William F. Buckley, Jr.

1161 words 5 pages
William F. Buckley, JR. “Why Don’t we complain” first appeared in Esquire in 1961.
In this essay Buckley aims to convince his readers that America is too lazy to even mention their own predicaments. He then goes on to explain Americans passive acceptance of circumstances. In doing this he uses several anecdotes based on his past, using careful diction and to keep his audience engaged he sprinkles in rhetorical questions. Buckley opens his essay with a personal anecdote describing the acceptance of “whatsoever” he realizes that outside it was below freezing temperature and in the train it was 85 degrees. Buckley explains how the train conductor went back and forth through the aisle and not a single person moaned. There were ample amounts
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He then uses allusion he says “we will sit in an oven or endure a racking headache before undertaking a head-on”. Buckley gives us a call to action and says “I’m here to tell you to complaint”. After using two anecdotes he goes on to use another that happened on New Years Eve. He had been standing in a ski repair store for Forty-eight hours and he needed a screwdriver to tighten a loose binding. Behind the counter were two men one of them was industrious, sereious, and does his job, the second one was huffing a pipe (smoking) and was lazy he was doing nothing. He gives a quick compare and contrast of the two men to create a vivid picture across the readers head. Buckley basically goes up to the man who is doing nothing and asks for a screwdriver, the man says he has just had a heart attack. He uses a hyperbole to show that he was embarrassed, he says “That was the signal for a great whirring noise that descended from heaven”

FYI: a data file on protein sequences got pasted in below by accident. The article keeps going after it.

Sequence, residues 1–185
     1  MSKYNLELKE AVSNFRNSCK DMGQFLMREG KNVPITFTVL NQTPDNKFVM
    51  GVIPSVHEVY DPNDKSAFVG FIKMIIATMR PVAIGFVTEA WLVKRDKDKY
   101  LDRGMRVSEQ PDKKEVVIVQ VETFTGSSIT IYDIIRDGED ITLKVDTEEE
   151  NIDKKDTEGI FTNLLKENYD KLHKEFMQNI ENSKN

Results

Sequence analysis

“We looked, stricken, out the window, and it appeared as though a cyclone had suddenly focused on the snowy courtyard between the shop and the ski lift. Suddenly a gigantic army helicopter materialized, and hovered down to a landing. Two men jumped out of the plane carrying a stretcher tore into the ski shop, and lifted the shopkeeper onto the stretcher. Jiggs bade his companion goodbye, was whisked out the door, into the plane, up

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